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Mexican President Andres Manuel Lopez Obrador has come under fire for visiting the mother of Mexico's most well-known drug lord over the weekend, at the same time the government is pleading with its citizens to stay indoors amid the coronavirus pandemic.
Lopez Obrador visited Badiraguato, Sinaloa, the birthplace of Joaquín “El Chapo” Guzmán, on Sunday, less than a day after the country's health minister urged people to not leave their homes.
A video that has gone viral shows the leftist president shaking hands with El Chapo’s elderly mother, María Consuelo Loera Pérez, as she sat in her car.
“Don’t get out,” he told the 92-year-old woman after he shakes her hand. “I got your letter.”
He was also seen talking to Guzman's lawyer, Jose Luis Gonzalez Meza.
Guzman formerly ran the powerful Sinaloa drug cartel, which smuggled tons of drugs into the United States, fueled the endemic corruption that has plagued almost every aspect of Mexican society and unleashed a wave of violence that resulted in thousands of deaths.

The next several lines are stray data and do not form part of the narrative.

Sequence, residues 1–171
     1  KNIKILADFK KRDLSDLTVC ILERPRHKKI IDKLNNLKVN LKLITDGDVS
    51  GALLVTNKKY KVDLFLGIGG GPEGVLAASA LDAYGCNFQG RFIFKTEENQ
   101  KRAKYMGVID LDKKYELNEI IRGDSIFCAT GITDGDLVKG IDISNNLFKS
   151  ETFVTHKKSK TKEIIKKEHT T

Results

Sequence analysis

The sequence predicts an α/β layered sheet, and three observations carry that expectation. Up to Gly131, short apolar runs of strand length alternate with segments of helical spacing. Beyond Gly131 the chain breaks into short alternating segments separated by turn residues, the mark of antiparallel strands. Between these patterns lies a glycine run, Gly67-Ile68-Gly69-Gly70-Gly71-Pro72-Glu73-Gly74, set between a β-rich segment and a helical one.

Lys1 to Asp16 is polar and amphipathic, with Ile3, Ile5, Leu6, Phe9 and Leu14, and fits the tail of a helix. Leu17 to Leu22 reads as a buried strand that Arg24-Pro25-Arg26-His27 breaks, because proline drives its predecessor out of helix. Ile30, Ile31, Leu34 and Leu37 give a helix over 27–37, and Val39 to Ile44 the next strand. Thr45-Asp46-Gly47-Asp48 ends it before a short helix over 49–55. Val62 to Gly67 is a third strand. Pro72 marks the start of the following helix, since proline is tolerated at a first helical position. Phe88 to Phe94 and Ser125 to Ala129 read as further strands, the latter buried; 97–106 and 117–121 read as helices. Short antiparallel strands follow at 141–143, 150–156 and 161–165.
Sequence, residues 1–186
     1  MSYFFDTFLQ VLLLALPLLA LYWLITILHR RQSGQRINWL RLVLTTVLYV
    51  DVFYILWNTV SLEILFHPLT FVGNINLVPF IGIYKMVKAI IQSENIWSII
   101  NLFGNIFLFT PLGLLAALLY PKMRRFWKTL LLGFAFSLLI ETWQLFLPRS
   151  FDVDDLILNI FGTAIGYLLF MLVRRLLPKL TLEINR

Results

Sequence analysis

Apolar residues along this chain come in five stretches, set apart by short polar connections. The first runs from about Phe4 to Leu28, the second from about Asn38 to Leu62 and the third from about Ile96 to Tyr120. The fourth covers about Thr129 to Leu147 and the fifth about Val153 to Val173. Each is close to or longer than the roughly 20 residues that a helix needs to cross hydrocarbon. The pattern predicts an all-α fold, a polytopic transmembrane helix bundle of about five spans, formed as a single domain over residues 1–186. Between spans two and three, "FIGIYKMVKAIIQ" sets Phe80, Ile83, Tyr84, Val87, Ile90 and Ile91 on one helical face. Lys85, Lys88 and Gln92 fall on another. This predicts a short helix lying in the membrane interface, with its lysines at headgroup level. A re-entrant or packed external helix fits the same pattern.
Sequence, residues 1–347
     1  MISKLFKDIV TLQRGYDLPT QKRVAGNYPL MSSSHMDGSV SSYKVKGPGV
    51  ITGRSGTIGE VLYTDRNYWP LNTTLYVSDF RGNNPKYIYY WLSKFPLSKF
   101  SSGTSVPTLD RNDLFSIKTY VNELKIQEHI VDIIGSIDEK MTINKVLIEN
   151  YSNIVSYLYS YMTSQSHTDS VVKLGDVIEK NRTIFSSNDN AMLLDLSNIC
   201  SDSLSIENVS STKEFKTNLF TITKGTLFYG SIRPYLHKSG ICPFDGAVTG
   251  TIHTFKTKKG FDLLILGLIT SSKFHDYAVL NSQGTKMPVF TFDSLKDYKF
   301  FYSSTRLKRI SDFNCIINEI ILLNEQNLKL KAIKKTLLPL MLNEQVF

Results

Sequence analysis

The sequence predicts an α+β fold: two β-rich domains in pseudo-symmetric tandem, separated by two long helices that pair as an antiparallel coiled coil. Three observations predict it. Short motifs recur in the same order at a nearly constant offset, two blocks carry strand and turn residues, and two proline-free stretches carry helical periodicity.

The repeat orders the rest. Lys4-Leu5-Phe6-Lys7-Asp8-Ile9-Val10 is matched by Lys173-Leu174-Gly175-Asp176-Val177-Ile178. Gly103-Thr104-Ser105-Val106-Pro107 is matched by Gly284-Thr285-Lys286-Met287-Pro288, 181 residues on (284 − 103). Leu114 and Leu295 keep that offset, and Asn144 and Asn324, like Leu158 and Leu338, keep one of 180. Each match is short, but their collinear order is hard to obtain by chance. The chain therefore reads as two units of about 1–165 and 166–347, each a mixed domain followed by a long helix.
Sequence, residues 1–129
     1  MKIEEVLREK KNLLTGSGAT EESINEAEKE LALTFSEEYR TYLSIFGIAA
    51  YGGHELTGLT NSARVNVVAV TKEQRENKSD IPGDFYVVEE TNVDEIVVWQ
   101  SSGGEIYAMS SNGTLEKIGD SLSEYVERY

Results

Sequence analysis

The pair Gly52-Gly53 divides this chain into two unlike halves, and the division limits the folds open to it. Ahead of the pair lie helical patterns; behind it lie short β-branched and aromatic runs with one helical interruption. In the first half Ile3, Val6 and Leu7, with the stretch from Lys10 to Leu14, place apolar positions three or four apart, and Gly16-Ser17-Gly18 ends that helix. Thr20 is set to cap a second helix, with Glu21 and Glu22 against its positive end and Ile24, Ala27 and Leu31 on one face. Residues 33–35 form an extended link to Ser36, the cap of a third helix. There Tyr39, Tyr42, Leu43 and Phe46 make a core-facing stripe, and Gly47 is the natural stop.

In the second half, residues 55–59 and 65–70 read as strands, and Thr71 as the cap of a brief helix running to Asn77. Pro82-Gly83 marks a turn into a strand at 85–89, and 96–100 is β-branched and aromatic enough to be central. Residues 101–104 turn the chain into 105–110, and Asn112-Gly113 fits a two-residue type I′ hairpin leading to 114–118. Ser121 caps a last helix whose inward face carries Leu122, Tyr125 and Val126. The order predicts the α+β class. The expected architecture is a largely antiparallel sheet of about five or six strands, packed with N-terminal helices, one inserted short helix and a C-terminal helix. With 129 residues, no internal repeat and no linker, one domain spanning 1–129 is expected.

Sinaloa cartel gunmen and Mexican armed forces exchanged gunfire in the state capital of Culiacan last year after the capture of Ovidio Guzmán López, El Chapo’s son. The younger Guzman was eventually released by out-gunned government forces who retreated to avoided further bloodshed.
When questioned about Sunday's visit, Lopez Obrador blamed "adversaries" for trying to make a "scandal" out of it, according to Reuters.
“Sometimes, because it’s my job, I have to shake hands with white-collar criminals who haven’t even lost their respectability, how am I not going to greet an old lady who leaves her hand outstretched?” he told reporters during a Monday press conference in Mexico City.
Many Mexican health officials have pleaded for more action from Lopez Obrador to combat the virus. Many have criticized him for taking a relaxed approach as COVID-19 continues to ravage other nations.
He said Loera Pérez wrote to him asking for help in getting permission from the U.S. to visit her son in a Colorado prison known as “the Alcatraz of the Rockies" where he is serving a life sentence for a variety of crimes,
“This depends on the United States government, the U.S. embassy. I believe that for humanitarian reasons she should be allowed to go with caregivers, sanitarians, doctors,” he said.